Pursuing, attaining, and maintaining a competitive position in the market is at the heart of an effective marketing communications plan.
A well-crafted positioning statement defines your company's direction. It answers two essential questions from the customers' point of view: "What's different about your business?" and "What unique benefit is derived from your product or services?"
Surprisingly, few companies exist where management is in total agreement on those answers—or even where the answers can be found.
The basic reason for answering those questions is to carve out turf that your brand aims to hold against competitors. That's differentiation. The difference between what you offer and what others offer is important to customers.
Ideally, you'll discover the important, single difference through research and strategic thinking.
Standing Out From the Competition
How can we win against competitors? What can we do that they are not doing, or cannot do or say, that's important to customers?
The statement should be defined in a clear, simple communications strategy that covers the two questions above. It can be a very short paragraph defining the differentiation claim with no more than three key messages that powerfully support the claim. Then it has to be consistently applied across the organization, which absolutely includes "walking the talk."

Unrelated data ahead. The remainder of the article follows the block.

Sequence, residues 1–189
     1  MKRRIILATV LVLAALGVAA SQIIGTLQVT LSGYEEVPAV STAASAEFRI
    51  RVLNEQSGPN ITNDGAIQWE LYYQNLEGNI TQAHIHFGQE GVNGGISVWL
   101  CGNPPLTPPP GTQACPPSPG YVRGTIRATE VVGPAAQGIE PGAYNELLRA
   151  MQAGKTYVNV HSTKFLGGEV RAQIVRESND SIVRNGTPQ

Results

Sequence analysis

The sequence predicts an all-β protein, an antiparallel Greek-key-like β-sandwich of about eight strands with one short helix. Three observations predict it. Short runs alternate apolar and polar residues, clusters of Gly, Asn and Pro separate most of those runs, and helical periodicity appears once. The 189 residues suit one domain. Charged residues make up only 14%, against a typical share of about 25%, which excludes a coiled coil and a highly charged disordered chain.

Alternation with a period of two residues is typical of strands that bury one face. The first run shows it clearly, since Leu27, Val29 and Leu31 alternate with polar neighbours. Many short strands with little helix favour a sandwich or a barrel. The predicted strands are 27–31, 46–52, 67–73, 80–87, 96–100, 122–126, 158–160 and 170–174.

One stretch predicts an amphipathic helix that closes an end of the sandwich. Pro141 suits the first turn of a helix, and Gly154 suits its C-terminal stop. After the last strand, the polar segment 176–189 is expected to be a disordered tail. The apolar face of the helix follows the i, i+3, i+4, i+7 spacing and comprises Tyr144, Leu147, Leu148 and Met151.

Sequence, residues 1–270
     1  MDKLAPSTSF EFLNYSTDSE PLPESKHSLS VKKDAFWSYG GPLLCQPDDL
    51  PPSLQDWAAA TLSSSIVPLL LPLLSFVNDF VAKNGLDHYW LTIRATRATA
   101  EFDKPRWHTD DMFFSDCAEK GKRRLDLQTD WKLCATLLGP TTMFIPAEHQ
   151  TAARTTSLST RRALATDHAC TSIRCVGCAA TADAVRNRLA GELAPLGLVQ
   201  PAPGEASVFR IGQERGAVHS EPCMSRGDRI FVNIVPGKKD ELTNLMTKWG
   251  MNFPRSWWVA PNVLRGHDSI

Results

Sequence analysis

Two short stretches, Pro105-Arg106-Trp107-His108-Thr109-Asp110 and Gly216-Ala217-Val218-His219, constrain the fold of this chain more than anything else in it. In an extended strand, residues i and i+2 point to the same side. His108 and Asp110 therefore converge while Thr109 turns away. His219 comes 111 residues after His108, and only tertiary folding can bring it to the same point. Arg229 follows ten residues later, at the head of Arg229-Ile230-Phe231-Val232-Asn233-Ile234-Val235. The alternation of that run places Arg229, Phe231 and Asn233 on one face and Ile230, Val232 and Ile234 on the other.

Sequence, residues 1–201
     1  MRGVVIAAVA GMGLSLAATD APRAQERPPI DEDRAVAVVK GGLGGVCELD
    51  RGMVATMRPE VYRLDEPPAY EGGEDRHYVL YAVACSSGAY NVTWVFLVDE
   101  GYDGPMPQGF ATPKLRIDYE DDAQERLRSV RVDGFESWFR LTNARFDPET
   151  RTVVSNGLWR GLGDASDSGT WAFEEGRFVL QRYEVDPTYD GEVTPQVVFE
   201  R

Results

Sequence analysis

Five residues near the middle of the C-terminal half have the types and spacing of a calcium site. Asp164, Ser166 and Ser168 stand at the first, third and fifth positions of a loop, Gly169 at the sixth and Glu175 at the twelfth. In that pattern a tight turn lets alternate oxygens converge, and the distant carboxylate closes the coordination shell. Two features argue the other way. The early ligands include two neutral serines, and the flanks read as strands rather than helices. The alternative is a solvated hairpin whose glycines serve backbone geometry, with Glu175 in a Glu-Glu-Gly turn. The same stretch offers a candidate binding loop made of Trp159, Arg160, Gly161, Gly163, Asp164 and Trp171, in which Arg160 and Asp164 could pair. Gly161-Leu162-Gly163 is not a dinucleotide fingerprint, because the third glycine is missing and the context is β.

Take the first step (it's free).
You may also like:
- Sustainable Branding: Why Leading With Green Misses the Mark, and What to Do Instead
- Old Logo vs. New Logo: How Consumers Feel About Six Brand Redesigns
- Six Ways to Strengthen Your Brand Through Product Packaging
- How to Inspire People to Love Your Brand the Way They Love Harry Potter (or Starbucks or Disney or MarketingProfs!): David Meerman Scott on Marketing Smarts [Podcast]
- How to Achieve Cultural Velocity (And Why You Need to): Jonah Berger and Stefan Burford on Marketing Smarts [Podcast]